card, strictly for paying restaurant bills. American Express issued their first credit card in 1958 and Bank of America followed with the BankAmericard (now Visa). The global economic crisis has changed the business plan and put an end to the days of handing out cards indiscriminately, hoping that the cardholders who pay up will offset the losses from those who default. Today, credit card companies are becoming much more interested in understanding their customers’ lives and psyches because, the theory goes, knowing what makes cardholders tick will help firms determine who is a good bet and who should be shown the door as quickly as possible.
Data-driven psychologists are now in high demand, and the industry is using them not only to screen out risky debtors, but also to determine which cardholders need a phone call to persuade them to mail in a check. Most major credit card companies have set up systems to comb through cardholders’ data for signs that someone is going to stop making payments. Are cardholders suddenly logging in at 1 in the morning? It might signal sleeplessness due to anxiety. Are they using their cards for groceries? It might mean they are trying to conserve cash. Have they started using their cards for therapy sessions? Do they call the card company in the middle of the day when they should be at work? If someone pays for a big-screen television with their card, are they rich? Or does it signal that they don’t have the sense to avoid products they can’t afford? If they check their balance three times a day, are they worried or uptight? So next time you get a call from your credit card provider, usually a woman, politely reminding you that your payment is due, remember she’s also listening to the tone of your voice, which tells her whether you are under strain or not.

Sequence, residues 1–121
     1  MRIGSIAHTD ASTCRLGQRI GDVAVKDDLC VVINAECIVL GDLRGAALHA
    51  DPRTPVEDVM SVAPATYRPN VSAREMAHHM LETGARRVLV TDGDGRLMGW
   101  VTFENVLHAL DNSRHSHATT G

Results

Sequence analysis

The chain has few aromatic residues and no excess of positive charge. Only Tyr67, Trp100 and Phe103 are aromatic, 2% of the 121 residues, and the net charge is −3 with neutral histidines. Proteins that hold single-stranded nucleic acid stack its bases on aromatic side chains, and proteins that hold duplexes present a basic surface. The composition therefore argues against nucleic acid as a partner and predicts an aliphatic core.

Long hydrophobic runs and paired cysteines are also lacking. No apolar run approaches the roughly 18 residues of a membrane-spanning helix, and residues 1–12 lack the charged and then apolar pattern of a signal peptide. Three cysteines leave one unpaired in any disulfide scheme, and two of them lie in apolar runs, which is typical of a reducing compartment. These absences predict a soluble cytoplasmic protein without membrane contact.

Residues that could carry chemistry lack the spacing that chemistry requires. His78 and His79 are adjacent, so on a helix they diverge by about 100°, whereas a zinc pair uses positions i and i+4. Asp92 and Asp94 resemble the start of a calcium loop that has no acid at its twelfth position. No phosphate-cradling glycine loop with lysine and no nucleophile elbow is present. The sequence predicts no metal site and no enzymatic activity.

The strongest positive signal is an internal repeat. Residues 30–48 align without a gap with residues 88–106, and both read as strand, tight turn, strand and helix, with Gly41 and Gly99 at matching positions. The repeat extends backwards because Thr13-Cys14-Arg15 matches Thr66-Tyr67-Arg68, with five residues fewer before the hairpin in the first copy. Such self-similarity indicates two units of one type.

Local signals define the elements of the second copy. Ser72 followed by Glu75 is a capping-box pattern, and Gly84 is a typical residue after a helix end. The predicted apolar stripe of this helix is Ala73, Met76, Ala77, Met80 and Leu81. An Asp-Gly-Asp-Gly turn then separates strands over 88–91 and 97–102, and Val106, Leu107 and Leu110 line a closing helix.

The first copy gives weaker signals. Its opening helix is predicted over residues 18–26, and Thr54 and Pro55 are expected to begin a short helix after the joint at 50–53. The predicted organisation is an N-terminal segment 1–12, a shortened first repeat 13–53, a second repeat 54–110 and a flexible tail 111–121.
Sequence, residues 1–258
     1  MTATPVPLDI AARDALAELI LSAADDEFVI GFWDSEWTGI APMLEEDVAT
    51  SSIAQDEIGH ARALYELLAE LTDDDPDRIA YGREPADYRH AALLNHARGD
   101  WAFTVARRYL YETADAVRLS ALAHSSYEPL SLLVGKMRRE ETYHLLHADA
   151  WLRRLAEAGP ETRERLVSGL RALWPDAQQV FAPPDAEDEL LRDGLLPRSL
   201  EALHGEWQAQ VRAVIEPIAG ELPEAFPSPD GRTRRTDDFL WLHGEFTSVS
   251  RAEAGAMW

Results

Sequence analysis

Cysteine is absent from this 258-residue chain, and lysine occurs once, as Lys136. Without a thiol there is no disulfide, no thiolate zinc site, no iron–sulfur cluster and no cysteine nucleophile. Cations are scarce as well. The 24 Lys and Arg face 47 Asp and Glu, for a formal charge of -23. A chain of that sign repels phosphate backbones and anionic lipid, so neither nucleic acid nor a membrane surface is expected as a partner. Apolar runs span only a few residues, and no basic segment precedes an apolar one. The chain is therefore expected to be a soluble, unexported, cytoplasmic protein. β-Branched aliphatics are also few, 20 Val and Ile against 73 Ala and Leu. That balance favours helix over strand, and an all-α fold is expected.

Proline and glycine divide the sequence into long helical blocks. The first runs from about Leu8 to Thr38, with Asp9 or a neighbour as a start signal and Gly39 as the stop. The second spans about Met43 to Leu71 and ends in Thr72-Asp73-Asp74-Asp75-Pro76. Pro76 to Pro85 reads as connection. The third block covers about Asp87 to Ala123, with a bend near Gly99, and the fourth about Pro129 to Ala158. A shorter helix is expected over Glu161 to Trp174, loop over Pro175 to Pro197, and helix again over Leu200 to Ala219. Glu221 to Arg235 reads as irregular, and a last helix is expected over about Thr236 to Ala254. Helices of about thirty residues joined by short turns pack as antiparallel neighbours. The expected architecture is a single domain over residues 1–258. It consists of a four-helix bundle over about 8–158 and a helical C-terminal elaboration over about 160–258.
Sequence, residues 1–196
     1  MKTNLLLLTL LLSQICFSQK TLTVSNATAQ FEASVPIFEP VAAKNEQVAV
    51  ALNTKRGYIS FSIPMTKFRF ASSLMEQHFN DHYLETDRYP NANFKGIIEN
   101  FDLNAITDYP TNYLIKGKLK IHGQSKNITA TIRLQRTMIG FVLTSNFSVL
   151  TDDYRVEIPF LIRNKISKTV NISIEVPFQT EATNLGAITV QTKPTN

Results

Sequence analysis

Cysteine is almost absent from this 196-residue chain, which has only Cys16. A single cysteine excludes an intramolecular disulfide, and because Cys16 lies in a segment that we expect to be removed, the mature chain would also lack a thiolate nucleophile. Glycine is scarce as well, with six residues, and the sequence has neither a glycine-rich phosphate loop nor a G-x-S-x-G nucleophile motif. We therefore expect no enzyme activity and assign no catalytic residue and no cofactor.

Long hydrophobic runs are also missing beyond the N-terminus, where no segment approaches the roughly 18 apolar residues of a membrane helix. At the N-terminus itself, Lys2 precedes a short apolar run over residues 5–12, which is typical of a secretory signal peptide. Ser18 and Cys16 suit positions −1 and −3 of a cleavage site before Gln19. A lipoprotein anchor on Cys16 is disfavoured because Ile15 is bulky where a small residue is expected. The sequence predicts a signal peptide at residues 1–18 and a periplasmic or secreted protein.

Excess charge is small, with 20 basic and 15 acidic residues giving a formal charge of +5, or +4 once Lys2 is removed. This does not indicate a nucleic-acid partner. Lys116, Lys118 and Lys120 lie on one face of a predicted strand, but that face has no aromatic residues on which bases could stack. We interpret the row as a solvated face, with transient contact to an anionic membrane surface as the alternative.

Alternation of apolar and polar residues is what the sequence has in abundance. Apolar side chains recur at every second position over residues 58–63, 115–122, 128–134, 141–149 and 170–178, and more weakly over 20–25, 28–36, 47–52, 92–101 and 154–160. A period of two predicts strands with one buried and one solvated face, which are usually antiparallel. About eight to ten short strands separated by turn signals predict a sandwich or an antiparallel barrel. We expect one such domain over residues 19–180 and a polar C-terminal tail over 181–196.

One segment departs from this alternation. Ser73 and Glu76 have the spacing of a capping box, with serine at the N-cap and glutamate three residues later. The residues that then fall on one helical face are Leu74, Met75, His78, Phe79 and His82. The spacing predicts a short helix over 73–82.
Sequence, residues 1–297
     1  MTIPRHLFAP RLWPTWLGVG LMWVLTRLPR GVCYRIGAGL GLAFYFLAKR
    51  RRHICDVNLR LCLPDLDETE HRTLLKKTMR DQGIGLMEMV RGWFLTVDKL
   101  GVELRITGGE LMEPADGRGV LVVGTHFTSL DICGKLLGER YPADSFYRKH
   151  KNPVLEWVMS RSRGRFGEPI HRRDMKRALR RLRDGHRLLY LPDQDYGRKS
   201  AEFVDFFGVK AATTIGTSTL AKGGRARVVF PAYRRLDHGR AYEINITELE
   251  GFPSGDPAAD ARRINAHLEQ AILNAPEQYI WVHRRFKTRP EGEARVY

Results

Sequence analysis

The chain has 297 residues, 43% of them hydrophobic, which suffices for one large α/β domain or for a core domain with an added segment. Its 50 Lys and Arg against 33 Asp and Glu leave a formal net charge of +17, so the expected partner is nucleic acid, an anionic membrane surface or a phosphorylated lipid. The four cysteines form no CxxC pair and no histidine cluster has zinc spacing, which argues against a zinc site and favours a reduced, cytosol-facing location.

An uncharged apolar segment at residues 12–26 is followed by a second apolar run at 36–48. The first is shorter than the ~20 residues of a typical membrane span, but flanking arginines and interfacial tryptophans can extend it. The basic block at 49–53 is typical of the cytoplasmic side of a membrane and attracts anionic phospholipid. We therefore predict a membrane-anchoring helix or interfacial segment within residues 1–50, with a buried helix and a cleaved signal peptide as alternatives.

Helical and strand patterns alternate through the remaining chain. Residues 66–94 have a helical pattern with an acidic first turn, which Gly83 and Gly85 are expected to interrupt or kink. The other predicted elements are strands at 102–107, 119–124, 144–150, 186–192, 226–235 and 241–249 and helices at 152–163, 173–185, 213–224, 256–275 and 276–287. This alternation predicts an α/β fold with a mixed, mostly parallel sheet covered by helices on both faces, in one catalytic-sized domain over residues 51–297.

The writer is Group Editor, Special Projects & Features, The Indian Express